White House officials admitted on Wednesday President Trump faces an uphill battle to sell tax reform to Americans, due to the way Democrats "characterized" the plan leading up to its passage.

"Unfortunately, the way the bill has been characterized, in many cases, has been misleading," a senior administration official told reporters.

"The basic concern among Americans is that they don't think they're going to get a tax cut and the reality is that they're going to get a tax cut," the official said.

Congressional Democratic leaders long sought to derail the GOP push for tax reform, claiming legislation that was moving through both chambers would hike taxes for millions of low-to-middle income Americans and exclusively benefit wealthier individuals and corporations.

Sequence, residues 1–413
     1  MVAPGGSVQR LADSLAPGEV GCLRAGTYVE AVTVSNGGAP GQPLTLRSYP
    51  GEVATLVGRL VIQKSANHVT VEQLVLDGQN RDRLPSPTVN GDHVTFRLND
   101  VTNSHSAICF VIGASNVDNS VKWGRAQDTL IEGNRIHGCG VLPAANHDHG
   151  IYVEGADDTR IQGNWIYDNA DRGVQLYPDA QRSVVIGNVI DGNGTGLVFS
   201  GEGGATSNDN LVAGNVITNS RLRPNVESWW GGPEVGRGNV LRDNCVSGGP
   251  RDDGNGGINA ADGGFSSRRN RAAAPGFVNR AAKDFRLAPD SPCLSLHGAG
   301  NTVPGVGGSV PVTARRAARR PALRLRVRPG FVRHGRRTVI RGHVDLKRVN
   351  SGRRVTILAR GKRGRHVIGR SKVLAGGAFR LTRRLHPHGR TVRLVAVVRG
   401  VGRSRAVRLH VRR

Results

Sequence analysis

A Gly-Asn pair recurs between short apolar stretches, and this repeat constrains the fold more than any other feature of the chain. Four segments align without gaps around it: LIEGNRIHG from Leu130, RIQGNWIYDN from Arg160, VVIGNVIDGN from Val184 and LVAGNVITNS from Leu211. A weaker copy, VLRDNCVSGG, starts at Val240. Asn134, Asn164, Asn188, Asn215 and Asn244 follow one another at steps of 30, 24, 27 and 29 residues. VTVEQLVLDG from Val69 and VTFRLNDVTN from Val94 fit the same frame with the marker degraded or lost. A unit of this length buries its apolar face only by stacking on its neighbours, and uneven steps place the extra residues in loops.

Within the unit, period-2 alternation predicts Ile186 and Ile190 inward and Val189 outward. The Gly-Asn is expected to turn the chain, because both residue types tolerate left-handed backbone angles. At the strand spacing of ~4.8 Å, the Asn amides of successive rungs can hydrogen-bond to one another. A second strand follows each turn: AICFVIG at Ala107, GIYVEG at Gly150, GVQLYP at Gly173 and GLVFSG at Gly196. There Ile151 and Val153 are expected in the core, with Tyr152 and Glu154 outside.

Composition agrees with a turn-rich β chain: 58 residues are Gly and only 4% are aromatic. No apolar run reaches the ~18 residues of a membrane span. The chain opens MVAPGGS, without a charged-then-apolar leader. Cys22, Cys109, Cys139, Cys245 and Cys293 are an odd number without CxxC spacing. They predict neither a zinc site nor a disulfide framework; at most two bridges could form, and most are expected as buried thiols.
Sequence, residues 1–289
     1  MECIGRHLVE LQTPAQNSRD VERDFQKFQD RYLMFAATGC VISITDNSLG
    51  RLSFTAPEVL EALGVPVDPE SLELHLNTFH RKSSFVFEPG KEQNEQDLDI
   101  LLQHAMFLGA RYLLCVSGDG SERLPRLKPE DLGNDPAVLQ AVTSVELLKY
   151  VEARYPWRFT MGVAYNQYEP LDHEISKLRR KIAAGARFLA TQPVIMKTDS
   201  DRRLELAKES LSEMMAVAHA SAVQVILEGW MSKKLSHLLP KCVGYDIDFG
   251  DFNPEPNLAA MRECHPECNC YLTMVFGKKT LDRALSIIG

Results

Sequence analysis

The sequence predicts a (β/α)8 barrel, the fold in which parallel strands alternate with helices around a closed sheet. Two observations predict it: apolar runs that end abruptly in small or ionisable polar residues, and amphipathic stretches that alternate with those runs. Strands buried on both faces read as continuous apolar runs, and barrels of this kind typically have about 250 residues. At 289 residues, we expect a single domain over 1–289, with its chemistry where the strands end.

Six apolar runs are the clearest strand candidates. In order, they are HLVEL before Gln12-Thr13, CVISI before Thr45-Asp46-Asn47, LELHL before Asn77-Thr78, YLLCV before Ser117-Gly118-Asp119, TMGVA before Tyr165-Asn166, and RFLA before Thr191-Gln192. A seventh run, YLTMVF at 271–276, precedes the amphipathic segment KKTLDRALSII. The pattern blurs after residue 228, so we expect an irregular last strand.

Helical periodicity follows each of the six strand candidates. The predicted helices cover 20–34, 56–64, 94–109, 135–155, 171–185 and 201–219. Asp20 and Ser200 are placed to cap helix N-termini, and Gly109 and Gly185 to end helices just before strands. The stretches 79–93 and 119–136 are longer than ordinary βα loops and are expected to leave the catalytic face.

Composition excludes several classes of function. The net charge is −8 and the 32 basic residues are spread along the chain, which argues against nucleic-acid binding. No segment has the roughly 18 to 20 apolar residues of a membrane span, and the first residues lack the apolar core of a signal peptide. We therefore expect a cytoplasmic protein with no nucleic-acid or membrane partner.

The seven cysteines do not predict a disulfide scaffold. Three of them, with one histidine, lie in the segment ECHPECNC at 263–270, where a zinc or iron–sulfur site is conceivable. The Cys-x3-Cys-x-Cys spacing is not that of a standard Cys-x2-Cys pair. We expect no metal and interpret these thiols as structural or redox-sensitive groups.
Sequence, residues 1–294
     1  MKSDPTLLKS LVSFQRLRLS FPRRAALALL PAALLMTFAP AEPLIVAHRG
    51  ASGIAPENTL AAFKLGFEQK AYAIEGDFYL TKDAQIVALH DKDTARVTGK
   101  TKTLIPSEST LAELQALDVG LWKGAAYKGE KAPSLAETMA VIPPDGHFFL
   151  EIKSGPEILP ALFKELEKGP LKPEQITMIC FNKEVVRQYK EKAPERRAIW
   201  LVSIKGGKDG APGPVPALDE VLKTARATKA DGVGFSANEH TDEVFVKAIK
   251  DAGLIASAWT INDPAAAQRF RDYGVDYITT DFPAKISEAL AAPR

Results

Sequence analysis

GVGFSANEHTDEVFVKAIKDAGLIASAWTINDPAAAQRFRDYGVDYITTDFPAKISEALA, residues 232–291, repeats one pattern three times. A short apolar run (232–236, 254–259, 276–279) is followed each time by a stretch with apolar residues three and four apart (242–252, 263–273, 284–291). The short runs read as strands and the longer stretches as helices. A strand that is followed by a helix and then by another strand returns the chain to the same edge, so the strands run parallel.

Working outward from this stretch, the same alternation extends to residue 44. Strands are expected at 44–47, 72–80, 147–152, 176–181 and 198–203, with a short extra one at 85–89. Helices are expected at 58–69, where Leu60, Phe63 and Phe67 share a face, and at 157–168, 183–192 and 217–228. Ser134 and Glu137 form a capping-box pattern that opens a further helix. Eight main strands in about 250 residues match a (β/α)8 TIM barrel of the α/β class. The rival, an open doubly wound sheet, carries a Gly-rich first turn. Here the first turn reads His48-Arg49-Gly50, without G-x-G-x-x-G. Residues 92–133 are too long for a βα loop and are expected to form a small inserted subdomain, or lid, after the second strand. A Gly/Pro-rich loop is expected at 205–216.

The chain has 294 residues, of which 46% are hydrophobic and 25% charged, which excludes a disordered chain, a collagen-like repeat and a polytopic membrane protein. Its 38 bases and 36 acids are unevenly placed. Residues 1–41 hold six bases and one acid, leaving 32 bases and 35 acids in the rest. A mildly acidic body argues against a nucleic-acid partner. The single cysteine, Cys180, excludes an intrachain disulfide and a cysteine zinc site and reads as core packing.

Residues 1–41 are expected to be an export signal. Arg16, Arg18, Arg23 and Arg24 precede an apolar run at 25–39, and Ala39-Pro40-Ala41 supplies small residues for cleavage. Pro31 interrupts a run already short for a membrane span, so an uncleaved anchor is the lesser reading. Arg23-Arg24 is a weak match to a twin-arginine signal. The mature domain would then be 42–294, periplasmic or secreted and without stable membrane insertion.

House Minority Leader Nancy Pelosi, D-Calif., called the final draft "the worst bill in the history of the United States Congress" before it passed the House late Tuesday afternoon.

In addition to partisan criticism, recent polls show that half of Americans think the GOP tax plan will lead to higher taxes for them in the new year. Only 14 percent of voters were convinced their taxes will go down in 2018 in a Monmouth University poll released Monday.

Still, the administration is confident that public opinion will change once the sweeping changes take effect next year.

"I think, in many ways, when paychecks begin being delivered we will make our case to the American people," said the senior administration official. "We feel the truth will set things straight."

The same official said Trump "will do a lot to sell the bill" in the first few months of 2018.